Unlike everything else you will Read this Week, this isn’t about the Election


Ride the Bus Month is underway in the greater Bangor area.

Halloween afternoon blew cloudy and cold into Bangor, but people gathered in Pickering Square nonetheless, to eat, compare costumes, and talk about public transportation.

Since I ride the Community Connector bus about 300 times a year, I thought I’d go express my support (and grab some free food) at the event, which launched Ride the Bus Month in the greater Bangor area. Several members of the Bangor City Council attended, and State Senator Geoff Gratwick emceed a costume contest for the kids. Most of the grownups talked about how to make the bus system better.

I’m one of the lucky ones whose work schedule coordinates with the Community Connector’s daytime hours. Others aren’t so fortunate. Many more people could use the bus to commute to their jobs if the hours were extended later in the evening. This applies in particular to workers at the Bangor Mall and retail businesses that stay open after five o’clock.

Everyone I’ve talked to in my ten years of riding the bus agrees on the need for extended evening hours. And we’re working toward that as a community. I believe it will happen within the next couple of years. True, lasting progress is almost always incremental. At the same time, I appreciate the expense involved in expanding the bus service. Our public officials have difficult choices to make and limited funds at their discretion.

If there’s one message Ride the Bus Month can effectively communicate to the general public, I think it should be this: better bus service boosts business. (That could be a bumper sticker – but where would I put it?)

I’m just one person riding the bus instead of driving a car, but consider:

Every month I don’t make a car payment, or an insurance payment, or fill up a gas tank, that’s more discretionary income I have to spend at local businesses. The bus makes the community more business-friendly. A mixed transportation picture that includes cars, buses, bicycles and pedestrians is more conducive to business and social interaction.

Every time I use the bus instead of a car, that’s one less occupied parking space downtown. It’s one less car in line at the Dunkin’ Donuts drive-thru, one less car backed up at the traffic light, one less car trying to negotiate an event at the Cross Center or on the Waterfront. Even if you never use the bus, it has made your life better.

Now multiply me by everyone who could make the same choice if the hours were extended. A regular rider told of her friends who drive to their downtown jobs because they aren’t ready to leave at 5:15, when the last bus currently departs. Another suggested splitting the Bangor-Old Town route in half so that a bus would pass Eastern Maine Medical Center in each direction every half hour. I said a direct route between The University of Maine and the Bangor Mall would help a number of my employed students.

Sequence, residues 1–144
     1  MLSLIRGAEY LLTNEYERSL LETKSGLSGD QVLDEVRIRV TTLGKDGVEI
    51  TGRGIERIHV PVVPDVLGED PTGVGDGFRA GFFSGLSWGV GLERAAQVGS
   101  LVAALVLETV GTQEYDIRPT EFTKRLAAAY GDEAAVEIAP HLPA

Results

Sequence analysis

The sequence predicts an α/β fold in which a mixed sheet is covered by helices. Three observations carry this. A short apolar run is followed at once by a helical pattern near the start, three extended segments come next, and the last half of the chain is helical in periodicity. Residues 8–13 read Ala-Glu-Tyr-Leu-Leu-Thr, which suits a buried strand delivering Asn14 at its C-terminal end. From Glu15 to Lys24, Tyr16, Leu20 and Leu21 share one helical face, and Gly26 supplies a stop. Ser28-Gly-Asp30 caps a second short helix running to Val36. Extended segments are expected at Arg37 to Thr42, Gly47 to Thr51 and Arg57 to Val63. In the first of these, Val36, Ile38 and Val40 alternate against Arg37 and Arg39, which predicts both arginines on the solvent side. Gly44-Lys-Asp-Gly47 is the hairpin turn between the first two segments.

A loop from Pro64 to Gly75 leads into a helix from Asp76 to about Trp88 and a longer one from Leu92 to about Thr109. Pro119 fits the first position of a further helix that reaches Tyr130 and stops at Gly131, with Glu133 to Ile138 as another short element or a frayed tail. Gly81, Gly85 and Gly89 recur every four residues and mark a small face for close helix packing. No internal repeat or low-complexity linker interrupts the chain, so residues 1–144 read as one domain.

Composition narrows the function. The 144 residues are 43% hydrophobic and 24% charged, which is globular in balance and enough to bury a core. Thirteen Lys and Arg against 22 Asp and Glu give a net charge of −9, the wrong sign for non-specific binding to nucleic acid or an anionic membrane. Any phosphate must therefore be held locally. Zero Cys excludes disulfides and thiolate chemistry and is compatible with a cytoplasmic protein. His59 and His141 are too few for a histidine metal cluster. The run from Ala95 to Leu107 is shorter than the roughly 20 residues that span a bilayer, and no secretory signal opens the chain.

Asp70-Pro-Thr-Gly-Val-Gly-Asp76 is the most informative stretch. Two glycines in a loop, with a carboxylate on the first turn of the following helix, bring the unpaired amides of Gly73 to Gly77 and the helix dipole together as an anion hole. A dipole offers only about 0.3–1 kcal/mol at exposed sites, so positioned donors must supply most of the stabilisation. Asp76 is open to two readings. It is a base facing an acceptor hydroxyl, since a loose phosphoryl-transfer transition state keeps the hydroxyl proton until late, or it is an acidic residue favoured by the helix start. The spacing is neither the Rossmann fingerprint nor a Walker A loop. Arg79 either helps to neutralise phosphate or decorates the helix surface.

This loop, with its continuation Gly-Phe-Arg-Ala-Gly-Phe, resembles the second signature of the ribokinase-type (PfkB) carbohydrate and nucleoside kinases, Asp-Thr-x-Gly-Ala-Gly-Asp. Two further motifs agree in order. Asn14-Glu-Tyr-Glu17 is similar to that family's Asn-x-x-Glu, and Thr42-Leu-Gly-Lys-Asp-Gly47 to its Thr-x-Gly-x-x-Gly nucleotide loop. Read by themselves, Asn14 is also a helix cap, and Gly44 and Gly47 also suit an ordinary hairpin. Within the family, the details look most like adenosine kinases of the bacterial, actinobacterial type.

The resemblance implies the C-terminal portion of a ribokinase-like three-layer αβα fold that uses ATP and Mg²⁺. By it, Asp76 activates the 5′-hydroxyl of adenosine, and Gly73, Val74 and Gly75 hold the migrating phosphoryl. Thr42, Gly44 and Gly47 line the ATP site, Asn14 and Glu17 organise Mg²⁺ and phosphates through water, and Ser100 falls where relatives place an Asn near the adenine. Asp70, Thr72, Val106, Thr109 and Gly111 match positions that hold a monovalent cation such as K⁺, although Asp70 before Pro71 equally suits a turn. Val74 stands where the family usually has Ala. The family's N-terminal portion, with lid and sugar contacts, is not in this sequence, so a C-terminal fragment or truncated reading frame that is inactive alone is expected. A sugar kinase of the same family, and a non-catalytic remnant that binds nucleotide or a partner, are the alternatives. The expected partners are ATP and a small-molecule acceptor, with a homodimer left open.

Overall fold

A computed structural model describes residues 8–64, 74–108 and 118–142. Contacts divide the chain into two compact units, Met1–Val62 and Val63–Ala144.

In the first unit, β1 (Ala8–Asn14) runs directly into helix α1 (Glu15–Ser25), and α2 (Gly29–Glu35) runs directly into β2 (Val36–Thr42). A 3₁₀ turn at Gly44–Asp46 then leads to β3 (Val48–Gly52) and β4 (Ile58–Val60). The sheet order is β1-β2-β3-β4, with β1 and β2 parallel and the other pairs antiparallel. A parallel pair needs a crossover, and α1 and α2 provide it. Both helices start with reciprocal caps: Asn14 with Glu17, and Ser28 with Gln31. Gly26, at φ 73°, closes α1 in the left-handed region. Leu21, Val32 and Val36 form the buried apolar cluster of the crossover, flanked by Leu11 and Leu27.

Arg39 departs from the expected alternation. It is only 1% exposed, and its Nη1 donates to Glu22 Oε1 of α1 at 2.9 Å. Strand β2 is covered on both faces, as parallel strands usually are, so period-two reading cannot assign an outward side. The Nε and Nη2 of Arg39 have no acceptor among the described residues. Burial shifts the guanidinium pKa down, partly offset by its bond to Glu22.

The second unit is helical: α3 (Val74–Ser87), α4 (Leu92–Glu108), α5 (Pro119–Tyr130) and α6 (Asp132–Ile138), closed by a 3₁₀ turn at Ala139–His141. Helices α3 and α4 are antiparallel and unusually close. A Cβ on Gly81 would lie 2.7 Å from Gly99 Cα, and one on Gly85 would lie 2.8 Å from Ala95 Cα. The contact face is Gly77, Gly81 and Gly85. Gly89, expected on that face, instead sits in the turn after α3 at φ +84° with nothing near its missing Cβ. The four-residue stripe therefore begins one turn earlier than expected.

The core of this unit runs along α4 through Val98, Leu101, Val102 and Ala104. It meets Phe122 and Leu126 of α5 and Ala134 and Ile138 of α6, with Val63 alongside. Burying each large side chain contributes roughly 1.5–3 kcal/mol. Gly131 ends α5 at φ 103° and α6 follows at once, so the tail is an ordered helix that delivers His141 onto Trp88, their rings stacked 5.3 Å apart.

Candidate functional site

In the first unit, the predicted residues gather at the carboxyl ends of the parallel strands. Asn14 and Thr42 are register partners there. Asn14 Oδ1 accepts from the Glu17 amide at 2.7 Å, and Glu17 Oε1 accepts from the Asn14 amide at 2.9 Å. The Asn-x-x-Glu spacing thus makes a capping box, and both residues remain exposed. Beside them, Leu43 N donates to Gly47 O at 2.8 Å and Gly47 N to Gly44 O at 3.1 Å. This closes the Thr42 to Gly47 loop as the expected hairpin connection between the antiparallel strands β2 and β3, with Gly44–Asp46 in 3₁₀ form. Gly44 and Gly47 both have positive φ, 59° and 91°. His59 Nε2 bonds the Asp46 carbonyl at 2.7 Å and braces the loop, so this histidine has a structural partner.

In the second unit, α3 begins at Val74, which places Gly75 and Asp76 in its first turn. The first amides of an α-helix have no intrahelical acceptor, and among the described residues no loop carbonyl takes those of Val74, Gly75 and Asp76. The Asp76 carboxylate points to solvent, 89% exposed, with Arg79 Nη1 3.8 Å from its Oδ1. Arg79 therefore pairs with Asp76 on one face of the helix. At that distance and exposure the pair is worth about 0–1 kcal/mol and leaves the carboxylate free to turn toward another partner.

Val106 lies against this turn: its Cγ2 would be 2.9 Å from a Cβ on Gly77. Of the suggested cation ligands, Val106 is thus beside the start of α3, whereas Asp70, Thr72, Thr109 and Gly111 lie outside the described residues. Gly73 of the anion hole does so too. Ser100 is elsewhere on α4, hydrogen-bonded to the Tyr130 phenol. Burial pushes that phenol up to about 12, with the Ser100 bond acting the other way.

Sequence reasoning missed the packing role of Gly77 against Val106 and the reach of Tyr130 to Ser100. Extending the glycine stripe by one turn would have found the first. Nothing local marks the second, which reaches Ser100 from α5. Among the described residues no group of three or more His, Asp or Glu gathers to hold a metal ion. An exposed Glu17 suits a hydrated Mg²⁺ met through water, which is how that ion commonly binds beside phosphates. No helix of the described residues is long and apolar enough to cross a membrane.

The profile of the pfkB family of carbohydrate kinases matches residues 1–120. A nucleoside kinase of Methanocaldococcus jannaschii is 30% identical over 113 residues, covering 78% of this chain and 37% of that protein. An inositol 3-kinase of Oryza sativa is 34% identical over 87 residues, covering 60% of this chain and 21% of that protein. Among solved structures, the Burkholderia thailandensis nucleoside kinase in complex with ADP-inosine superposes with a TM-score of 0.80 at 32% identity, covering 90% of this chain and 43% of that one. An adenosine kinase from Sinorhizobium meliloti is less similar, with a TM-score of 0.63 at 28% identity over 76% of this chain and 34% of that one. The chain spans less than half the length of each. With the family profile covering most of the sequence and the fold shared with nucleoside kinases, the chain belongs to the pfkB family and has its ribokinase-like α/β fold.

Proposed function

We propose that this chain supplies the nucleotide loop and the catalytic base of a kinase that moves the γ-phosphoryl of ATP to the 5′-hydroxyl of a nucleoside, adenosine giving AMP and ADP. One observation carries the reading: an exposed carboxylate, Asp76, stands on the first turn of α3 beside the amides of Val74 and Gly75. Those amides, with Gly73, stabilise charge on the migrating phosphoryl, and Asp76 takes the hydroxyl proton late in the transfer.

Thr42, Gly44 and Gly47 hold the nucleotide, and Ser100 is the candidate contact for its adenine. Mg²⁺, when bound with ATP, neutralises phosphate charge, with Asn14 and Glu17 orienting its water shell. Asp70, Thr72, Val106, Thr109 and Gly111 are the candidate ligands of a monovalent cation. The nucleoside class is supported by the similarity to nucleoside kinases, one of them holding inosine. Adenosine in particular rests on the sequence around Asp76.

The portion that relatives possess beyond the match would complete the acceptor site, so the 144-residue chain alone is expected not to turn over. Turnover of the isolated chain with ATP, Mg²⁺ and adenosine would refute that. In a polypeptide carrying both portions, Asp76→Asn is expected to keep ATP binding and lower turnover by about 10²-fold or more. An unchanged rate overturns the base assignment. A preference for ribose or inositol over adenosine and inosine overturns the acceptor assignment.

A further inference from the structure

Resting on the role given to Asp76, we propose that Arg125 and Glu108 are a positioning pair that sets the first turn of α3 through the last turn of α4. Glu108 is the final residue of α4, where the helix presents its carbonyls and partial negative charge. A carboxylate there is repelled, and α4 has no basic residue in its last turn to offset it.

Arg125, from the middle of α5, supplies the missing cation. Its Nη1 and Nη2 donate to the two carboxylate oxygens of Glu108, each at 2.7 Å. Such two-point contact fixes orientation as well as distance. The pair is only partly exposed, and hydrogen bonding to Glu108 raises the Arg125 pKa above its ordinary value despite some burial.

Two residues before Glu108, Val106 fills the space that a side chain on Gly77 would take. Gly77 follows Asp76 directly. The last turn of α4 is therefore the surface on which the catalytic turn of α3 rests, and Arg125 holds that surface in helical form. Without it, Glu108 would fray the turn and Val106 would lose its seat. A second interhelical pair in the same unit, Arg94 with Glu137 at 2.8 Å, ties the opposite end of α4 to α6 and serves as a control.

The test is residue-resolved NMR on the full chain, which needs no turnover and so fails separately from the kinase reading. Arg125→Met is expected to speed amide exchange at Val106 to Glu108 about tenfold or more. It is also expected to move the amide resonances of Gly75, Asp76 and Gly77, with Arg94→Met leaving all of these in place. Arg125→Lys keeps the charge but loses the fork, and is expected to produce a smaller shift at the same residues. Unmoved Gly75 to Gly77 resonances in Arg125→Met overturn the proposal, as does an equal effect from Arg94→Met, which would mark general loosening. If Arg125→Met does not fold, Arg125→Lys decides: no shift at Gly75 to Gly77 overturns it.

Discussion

But the reality on the ground is that such changes, however desirable, come slowly. The money to improve the system has to come from somewhere. We supporters of the Community Connector should focus first on extending the hours. That should be the first and most immediate priority. Other improvements will come in time with increased support. Ongoing outreach efforts like Ride The Bus Month can help keep the bus system in the public eye, and convince taxpayers that it’s worth the expense.

Public transportation is not a subsidy. It is an investment in a community. I call on the general public, and the business community in particular, to support the ongoing expansion and improvement of the Community Connector bus system.

The University of Maine and other area colleges are doing their part. Paying for students and employees to ride the bus alleviates the need for additional, expensive parking. Why can’t other large employers in the area – the hospitals, Cianbro, the Mall – get on board with this?

The future of transportation in the Bangor area does not belong exclusively to the automobile. In addition to people who can’t drive, for physical or financial reasons, the bus system serves those of us who want a functional and convenient alternative.

Whether you ride the bus regularly, infrequently, or not at all, the Community Connector deserves your support.

For more information on Ride the Bus Month, contact Martin Chartrand, 989-5850 or martin@foodandmedicine.org.


Hank Garfield

About Hank Garfield

Hank's writing has appeared in San Diego Magazine, the Los Angeles Times, The Magazine of Fantasy and Science Fiction, Downeast, Bangor Metro, and elsewhere. He is the author of five published novels, and is now seeking a publisher for his recently-completed novel, A Sprauling Family Saga.